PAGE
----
How to Become a Company Driver (Accelerate Your Income)

how to become a company driver

If you’ve ever dreamed of hitting the open road in a big rig or wondered what it takes to become a professional company driver, you’re in the right place.

In this guide, we’ll take you through the EXACT steps you need to take to kickstart your career as a company driver. We’ll discuss:

  • The skills you need.
  • The training and certifications that can facilitate your journey.
  • How to secure a job as a company driver.

So, whether you’re a driving enthusiast or someone seeking a career change, stay tuned.

We’re about to unfold the roadmap to becoming a company driver.

Let’s hit the road!

Contents show

Steps to Become a Company Driver


Step 1: Obtain a Valid Driver’s License

Getting a valid driver’s license is the first step towards becoming a company driver.

The requirements for obtaining a license vary by state or country, but generally, you need to pass both a written and practical driving test.

The written test measures your knowledge of road signs, traffic laws, and safe driving practices, while the practical test assesses your ability to operate a vehicle.

Before taking the driving tests, it’s recommended to take a driver’s education course.

These courses provide you with the necessary knowledge and skills to pass the tests.

The course generally includes both classroom instruction and behind-the-wheel training.

Once you have your driver’s license, keep a clean driving record.

Employers will look at your driving history to assess your reliability and safety on the road.

A clean record shows potential employers that you are a responsible driver.

This step is crucial in becoming a professional company driver as employers value a good driving record.


Step 2: Meet the Minimum Age Requirement

Most companies require their drivers to be at least 21 years old, although some may have higher age requirements.

This is often due to insurance purposes as well as to ensure that drivers have adequate driving experience.

However, this does not mean that you cannot start preparing for a career as a company driver if you are younger.

While still in your teens, you can start to gain driving experience by obtaining a learner’s permit as soon as you are eligible.

This will allow you to drive under the supervision of a licensed adult and begin learning the rules of the road and gaining practical driving skills.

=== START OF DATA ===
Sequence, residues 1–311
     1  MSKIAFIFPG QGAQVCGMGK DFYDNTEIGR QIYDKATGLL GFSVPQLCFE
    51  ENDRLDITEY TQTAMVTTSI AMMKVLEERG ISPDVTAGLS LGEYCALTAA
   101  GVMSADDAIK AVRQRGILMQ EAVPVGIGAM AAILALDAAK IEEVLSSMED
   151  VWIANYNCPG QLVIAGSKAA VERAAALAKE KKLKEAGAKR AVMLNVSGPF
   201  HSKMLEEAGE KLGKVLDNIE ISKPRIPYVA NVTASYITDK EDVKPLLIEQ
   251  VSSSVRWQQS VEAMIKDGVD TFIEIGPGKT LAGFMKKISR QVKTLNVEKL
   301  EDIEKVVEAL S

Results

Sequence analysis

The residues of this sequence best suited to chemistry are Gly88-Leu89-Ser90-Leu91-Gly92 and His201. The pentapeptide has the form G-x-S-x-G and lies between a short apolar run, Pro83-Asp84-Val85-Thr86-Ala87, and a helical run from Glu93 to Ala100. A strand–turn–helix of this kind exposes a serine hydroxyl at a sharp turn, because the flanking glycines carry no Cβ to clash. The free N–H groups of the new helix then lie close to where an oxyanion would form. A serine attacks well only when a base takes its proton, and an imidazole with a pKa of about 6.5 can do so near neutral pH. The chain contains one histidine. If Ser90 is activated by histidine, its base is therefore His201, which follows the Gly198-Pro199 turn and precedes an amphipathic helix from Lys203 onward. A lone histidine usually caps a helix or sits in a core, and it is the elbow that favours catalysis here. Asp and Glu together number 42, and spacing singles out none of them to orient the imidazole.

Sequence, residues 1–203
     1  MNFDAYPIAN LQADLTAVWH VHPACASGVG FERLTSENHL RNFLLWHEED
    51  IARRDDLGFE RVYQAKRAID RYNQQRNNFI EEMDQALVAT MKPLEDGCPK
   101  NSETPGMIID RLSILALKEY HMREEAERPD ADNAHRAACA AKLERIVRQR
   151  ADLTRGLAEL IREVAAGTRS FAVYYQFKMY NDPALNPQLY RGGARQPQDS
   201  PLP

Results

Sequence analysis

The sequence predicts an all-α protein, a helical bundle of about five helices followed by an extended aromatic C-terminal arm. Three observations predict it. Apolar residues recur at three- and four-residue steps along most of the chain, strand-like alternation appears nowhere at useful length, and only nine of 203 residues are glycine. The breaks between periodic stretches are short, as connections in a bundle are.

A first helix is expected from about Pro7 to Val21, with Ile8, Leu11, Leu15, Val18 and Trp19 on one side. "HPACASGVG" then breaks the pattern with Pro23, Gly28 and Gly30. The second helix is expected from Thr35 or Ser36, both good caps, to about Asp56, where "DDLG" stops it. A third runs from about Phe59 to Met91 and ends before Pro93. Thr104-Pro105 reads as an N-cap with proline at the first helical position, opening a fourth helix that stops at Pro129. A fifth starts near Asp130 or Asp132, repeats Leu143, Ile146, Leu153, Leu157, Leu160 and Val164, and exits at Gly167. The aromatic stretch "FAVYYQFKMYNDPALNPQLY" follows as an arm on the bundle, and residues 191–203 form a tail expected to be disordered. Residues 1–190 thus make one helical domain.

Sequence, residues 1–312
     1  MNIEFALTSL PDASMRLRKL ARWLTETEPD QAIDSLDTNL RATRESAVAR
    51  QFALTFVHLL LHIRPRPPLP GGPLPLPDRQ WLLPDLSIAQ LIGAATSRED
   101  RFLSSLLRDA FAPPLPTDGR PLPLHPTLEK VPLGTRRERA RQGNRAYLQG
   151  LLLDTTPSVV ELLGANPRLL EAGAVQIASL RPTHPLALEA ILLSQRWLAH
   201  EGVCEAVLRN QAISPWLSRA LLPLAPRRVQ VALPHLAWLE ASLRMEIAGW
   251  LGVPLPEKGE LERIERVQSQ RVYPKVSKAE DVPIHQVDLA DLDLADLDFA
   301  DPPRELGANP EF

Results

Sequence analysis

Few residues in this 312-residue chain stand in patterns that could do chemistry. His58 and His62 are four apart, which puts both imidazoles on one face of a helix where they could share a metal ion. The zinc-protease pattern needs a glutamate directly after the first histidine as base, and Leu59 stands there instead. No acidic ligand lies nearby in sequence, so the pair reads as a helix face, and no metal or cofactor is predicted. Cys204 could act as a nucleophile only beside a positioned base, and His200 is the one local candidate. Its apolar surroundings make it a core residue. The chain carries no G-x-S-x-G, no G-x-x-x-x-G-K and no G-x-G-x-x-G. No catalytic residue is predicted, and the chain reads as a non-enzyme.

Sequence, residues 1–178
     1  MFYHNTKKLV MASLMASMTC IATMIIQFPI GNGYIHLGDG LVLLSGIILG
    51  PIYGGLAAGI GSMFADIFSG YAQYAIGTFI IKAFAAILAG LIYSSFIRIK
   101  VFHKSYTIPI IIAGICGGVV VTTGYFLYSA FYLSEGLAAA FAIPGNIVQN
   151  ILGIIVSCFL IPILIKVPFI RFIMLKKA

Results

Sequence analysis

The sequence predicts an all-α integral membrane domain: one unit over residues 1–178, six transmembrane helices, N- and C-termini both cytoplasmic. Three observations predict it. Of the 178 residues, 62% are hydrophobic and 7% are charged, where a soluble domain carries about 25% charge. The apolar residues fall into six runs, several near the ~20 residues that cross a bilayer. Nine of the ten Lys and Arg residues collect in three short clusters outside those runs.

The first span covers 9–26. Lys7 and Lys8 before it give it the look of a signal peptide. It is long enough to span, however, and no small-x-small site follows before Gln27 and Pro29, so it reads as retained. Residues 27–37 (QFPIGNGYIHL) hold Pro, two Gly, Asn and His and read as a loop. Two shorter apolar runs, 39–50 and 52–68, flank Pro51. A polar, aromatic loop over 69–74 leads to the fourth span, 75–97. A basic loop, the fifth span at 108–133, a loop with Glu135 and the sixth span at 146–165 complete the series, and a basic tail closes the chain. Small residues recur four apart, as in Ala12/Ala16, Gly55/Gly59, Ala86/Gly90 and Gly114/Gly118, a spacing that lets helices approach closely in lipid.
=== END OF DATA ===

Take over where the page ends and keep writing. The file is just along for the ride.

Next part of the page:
Additionally, you should focus on maintaining a clean driving record, as any violations or accidents can negatively impact your eligibility for a company driver position.

This includes not only avoiding accidents and citations but also understanding and following all traffic laws and regulations.

Finally, remember that age is just a number.

What truly matters to potential employers is your ability to safely and efficiently operate their vehicles.

So, take the time to hone your driving skills, understand the ins and outs of the vehicles you will be driving, and show that you are responsible, dependable, and committed to the job.


Step 3: Obtain a Clean Driving Record

To become a company driver, one of the most important steps is to maintain a clean driving record.

This involves avoiding any traffic violations such as speeding, reckless driving, or DUIs (Driving Under the Influence).

Most employers require a minimum of three to five years of clean driving history, although this can vary based on the company and the specific role.

A clean driving record is vital as it not only demonstrates your ability to drive safely, but also your respect for laws and regulations.

It also helps to lower insurance costs for your potential employer.

If you have any violations, focus on improving your driving habits to clean up your record.

In addition to this, consider enrolling in a defensive driving course.

These courses can help improve your driving skills, making you a safer driver and more attractive to potential employers.

Some states even allow drivers to remove points from their driving record by completing such a course.

Remember, a clean driving record is a clear indicator of your reliability and responsibility, which are crucial traits for a professional company driver.


Step 4: Enhance Driving Skills and Obtain Necessary Certifications

As a company driver, you are expected to be proficient in driving and knowledgeable about vehicle maintenance and repair.

You should be able to handle different types of vehicles and drive under various weather and road conditions.

To enhance your driving skills, consider taking advanced driving courses that offer training on safe driving techniques, emergency procedures, and defensive driving.

Additionally, having the necessary certifications is crucial for a company driver.

This may vary depending on the type of vehicle you will be driving.

If you will be driving large trucks or buses, you may need to obtain a Commercial Driver’s License (CDL).